For another ACLU Report from 2009 on Border Crossing go to:

ACLU information sheet on Operation Streamline: 

Lost in Detention

If you have not seen the PBS documentary on the detaining of migrants go to this link:

Turning Out the Vote

Registering people, particularly in communities of color is an important strategy to support involvement of all people in our political process. There are local organizations across the country; we encourage you to do a local search and connect with these groups. Two groups we have worked with on this issue are Mi Familia Vota and Voto Latino, information about connecting to them follows:

Mi Familia Vota

Mi Familia Vota Education Fund is a national organization working to unite and build power in Latino, immigrant and allied communities, and to ensure social and economic justice through increased civic engagement. We do this by:

· Expanding the electorate through direct, sustainable citizenship, voter registration, census education, GOTV and issue organizing in key states;

· Forming and supporting key alliances at national, state and local levels to increase civic engagement; providing technical assistance and support to other organizations;

· Increasing public support for full civic participation for New Americans.

There are staff in four states at this time working both to register voters as well as helping eligible people to become citizens, the states are Arizona, Nevada, Texas, and Colorado.

Voto Latino

Founded in 2004 by actress Rosario Dawson and political analyst Maria Teresa Kumar, Voto Latino is shaking-up America’s political establishment by bringing thousands of young Latinos into the political process. A non-partisan, nonprofit civic engagement organization, Voto Latino has produced award-winning, multiple-media campaigns headlined by celebrity voices that encourage young Latinos to register, vote and get engaged. Voto Latino strongly believes it is this new generation of young American Latinos who will help shape America’s democracy. 

Immigration Myths and Facts

Another link to a downloadable powerpoint presentation on Immigration Myths and Facts, by Arizona Advocacy Network and Somos America.

The Border and the Environment
The Grand Canyon Chapter of the Sierra Club has a project that raises the issues involved with the border and how actions at the border have impacted the environment. Follow this link for more information:

Webinar on Preparing for GA 2012
A Powerpoint presentation from the recent webinar on "Preparing for GA 2012" may be found HERE.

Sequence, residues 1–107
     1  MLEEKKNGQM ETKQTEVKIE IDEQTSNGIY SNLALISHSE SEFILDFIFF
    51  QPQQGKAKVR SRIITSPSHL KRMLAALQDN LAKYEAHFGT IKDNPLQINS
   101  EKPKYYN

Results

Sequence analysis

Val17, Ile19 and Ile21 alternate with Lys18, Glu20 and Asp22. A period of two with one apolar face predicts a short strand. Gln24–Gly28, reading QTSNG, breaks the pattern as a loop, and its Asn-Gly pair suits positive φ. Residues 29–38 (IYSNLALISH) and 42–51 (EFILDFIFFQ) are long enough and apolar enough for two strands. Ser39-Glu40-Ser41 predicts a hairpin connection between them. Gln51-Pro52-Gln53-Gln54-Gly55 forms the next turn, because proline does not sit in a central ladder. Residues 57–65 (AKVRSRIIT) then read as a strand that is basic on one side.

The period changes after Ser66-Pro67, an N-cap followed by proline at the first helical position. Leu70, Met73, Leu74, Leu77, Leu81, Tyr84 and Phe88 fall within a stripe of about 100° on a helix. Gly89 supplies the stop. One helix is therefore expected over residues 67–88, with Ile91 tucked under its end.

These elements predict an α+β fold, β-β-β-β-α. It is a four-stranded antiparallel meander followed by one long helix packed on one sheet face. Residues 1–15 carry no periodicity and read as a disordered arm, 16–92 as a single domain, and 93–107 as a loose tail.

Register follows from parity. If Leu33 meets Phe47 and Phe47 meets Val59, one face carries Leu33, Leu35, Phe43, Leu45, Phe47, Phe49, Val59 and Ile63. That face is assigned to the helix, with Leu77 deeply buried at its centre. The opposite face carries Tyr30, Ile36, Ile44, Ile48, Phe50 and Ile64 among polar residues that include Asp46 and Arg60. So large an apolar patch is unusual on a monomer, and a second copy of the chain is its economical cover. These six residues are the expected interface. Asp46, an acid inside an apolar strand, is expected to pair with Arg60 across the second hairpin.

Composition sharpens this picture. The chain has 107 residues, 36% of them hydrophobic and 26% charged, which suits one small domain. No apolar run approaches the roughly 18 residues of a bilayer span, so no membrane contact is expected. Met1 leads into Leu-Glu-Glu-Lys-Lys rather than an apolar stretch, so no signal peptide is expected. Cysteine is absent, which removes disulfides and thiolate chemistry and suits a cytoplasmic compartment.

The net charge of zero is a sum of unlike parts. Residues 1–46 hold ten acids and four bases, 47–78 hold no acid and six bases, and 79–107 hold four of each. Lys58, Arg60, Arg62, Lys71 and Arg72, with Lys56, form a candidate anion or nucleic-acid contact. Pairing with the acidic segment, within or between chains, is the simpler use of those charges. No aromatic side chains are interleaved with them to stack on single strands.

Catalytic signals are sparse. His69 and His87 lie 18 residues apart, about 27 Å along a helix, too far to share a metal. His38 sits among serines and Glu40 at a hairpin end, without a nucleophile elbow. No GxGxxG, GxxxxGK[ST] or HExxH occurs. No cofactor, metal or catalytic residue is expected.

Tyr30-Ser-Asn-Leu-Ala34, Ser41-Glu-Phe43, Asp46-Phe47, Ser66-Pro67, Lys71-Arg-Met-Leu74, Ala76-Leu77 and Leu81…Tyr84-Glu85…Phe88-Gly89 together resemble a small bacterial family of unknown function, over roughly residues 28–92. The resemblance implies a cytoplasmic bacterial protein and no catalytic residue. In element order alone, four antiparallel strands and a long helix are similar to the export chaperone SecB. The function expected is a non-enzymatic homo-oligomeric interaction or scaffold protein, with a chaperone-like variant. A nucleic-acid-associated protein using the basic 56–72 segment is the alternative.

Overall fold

Bibliography on Migration and Borders

David Bacon, Illegal People: How Globalization Creates Migration and Criminalizes Immigrants (Beacon Press)

Francisco Balderrama & Raymond Rodriguez, Decade of Betrayal: Mexican Repatriation in the 1930s, (University of New Mexico Press)

Juana Bordas, Salsa, Soul, and Spirit, (Berrett-Koehler Publishers)

Justin Akers Chacon & Mike Davis, No One is Illegal: Fighting Racism and State Violence on the U.S.-Mexico Border  (Haymarkert Books)

Alva Chromsky, They Take Our Jobs & 20 other myths about immigration, (Beacon Press)

Ben Daniel, Neighbor: Christian Encounters with “Illegal” Immigration, (Westminster John Knox Press) 

Dwight N. Hopkins, Being Human: Race, Culture, and Religion, (Fortress Press)

Ruben Martinez, Crossing Over: A Mexican Family on the Migrant Trail, (Picador)

Ruben Martinez & Joseph Rodriguez, The New Americans, (The New Press)

Mark Morrison-Reed, Darkening the Doorways, (Skinner House)

Steven T. Newcomb, Pagans in the Promised Land, (Fulcrum Publishing)

Tram Nguyen, We Are All Suspects Now: Untold Stories from Immigrant Communities after 9/11 (Beacon Press) 

Margaret Regan, The Death of Josseline, (Beacon Press)

Matthew Soerens & Jenny Wang, Welcoming the Stranger, (InterVarsity Press)


“Arizona: State of Fear”

“Crossing Arizona” 

“Fifty Hours in Phoenix: A National Day of Non-Compliance”

“In the Light of Reverence: Protecting America’s Sacred”

“9500 Liberty” 

“The Snowbowl Effect: When Recreation and Culture Collide” 



Immigration and Worship  -- click here for resources



Registration now available: click HERE


Stories from the Sonoran Desert

Gustavo Velasco, is a fine young man charged with using someone else's social security number to work as a part-time cook. The judge refused to designate his conviction a misdemeanor and his immigration bond was cancelled. He has been in the detention center in Eloy, AZ almost four months now while I fight to keep him here in the U.S. But I am not writing about Gustavo...his wife, Mirna, and their two U.S. citizen sons, Aryam and Alam, ages 13 and 11. They have no money. They have been living on donations from their church and the lease on the apartment where they live is up in August. Then they will be on the street with nowhere to go. Gustavo and his family are fighting for the right of people to work, and they are all suffering greatly but especially his wife and kids. Like he said to me, "Here (in Eloy) I eat three times a day and have a bed, but what I can't stand is the fact that my wife and children are suffering so much.